I think that with the right planning, you could do a lot with your adventure plans. Get a blog and a PayPal account, and solicit donations; contact your favorite non-profit and see about an awareness partnership, but be prepared to sacrifice a little personal freedom for appearances, as well as having to be on good behavior when in public view!

Feel free to PM me if you want. I'm savvy with creative fund raising and public relations, and I'd love to see you GO FOR IT!
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Old 11-20-2009, 09:20 PM   #38
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Jim, how heavy are the sheep trailers you have looked at? I didnt think they would be that heavy. The first time I seen them they seemed like just the ticket for hunting camp. I really like how they go on a standard running gear and I think they would fit your needs alot better. Pulling a camper with a fore cart would be a jerky and bouncy because of where they connect to the cart. I have a pioneer cart and I dont think I would pull my camper with it if you had a gun to my head, thats how rough I think it would end up being.

The other thought I had was maybe you could have your welder friend make your fore cart into a 4 wheeled cart, similar to what poineer sells for power units. http://www.drivehorses.com/Products/4-whee...drive%20PTO.jpg In your case though, going off the fore cart, make it center articulating like the industrial end loaders. Have the back part of the cart 5X5 for your hay and grain storage and then the trailer could hook to that and it would ride alot better. If you have a coupling welded on your cart, a pin could be pulled, removing the trailing section. That would make it easy to go back to the origional pioneer cart when you are done with your trip.

As for sponsers, if your trip has a goal like a coast to coast trip or cancer awairness or something, I would bet a grain company would donate grain or something, maybe you could even arange to pick it up at co-ops along the way. Just start your blog now so they see what they will be getting for the donation. If you have a good blog, frequently updated with where you are, I bet local farmers who see it would offer you some hay as you go past. Sounds like an interesting trip.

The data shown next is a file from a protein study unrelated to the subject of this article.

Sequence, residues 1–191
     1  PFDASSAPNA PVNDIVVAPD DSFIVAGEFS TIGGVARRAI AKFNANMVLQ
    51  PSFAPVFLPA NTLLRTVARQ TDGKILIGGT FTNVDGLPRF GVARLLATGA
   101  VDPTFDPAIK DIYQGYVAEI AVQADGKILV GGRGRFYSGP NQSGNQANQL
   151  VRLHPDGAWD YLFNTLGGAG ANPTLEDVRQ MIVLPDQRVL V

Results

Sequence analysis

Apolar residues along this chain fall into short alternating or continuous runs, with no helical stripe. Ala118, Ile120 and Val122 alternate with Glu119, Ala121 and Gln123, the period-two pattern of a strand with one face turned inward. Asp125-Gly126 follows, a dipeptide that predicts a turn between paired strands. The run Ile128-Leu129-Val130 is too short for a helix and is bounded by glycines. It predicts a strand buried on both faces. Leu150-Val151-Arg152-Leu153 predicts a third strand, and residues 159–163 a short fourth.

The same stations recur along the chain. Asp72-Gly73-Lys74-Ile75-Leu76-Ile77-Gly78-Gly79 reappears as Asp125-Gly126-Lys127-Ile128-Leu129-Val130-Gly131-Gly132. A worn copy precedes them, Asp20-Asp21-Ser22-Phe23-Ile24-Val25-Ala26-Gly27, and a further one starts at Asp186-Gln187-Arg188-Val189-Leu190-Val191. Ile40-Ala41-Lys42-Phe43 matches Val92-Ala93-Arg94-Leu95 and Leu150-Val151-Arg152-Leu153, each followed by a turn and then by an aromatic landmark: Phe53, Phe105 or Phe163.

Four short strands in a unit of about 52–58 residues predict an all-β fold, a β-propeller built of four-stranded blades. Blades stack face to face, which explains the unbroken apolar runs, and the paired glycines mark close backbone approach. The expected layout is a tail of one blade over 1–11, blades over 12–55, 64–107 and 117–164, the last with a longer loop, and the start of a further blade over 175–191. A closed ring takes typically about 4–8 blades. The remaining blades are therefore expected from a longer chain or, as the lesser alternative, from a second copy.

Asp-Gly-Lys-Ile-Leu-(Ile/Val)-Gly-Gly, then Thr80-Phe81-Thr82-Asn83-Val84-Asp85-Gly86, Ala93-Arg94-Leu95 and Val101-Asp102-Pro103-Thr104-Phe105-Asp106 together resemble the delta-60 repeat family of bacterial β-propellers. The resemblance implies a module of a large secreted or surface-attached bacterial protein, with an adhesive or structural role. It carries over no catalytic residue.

definately food for thought.i dont own a pioneer and wont they are just to high doller.we will build one.i would like you advice on this.please pm or e mail me.i think the trailer tounge should rest on a ball in the middle of the axle??
not a pin hitch???
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Old 11-20-2009, 09:28 PM   #39
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Hello, Jim! Welcome!

When I lived in Flagstaff, Arizona, I met a gentleman who called himself "Bob Sundown". When I met him (back in about 1994) he was 74 years old. For decades, he traveled the road in a wooden gypsy wagon pulled by a team of two donkeys. He'd trade up to mules in areas with larger passes (he had a friend who would haul the replacement teams out).

I have some fantastic photos of Mr. Sundown, as when I first saw him, he was camping out at the Coconino County Fairgrounds, and I'd ridden my own horse over there.

If I recall, he traveled with a dog, and he had a few layer hens with him. Every town he visited, he seemed to know folks--he tended to stop for breaks in visible areas, made money by taking donations for photo ops...and welcomed folks to hang out and talk. I arranged to come back with my truck and get his 5-gallon water jugs filled for him; got him some feed for his horses and a few other minor errands.

First time I'd ever heard of him, he was on COPS...the officers (actually, it was also Flagstaff, filmed the year before I first met him) pulled over to check on him, and in an aside to the camera said that they looked after him when he came through...

Last I heard, old Bob had retired from the road to Salmon, Idaho. I have no idea if he's still living, and doubt it's his legal name, but you can see about looking him up.

Last month, in front of the grocery store in Thompson Falls, Montana, another home-made gypsy wagon with a team of Belgians was set up near the parking lot. A big burly guy was tending to them; turns out they're a wandering logging team.

Both of these characters have used highways for travel, though it is dangerous. Neither had continuous support teams.

Both draw a lot of attention, understandably.

I think that with the right planning, you could do a lot with your adventure plans. Get a blog and a PayPal account, and solicit donations; contact your favorite non-profit and see about an awareness partnership, but be prepared to sacrifice a little personal freedom for appearances, as well as having to be on good behavior when in public view!

Feel free to PM me if you want. I'm savvy with creative fund raising and public relations, and I'd love to see you GO FOR IT!

warms my heart right up better thana cup of coffe on a cold day
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Old 11-22-2009, 11:42 AM   #40
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Look this, i have this two pictures on my computer
Attached Thumbnails
boler_cheval.jpg   antique_bigffot.jpg  

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Old 11-22-2009, 12:14 PM   #41
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Wind resistance won't be a factor at 2 HP speeds, so you can do all sorts of exterior mods to meet your cargo carrying needs. Add stuff to the front, the back, the top... whatever you need.
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Old 11-22-2009, 12:46 PM   #42
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Wow, Yvon, cool Boler! I like it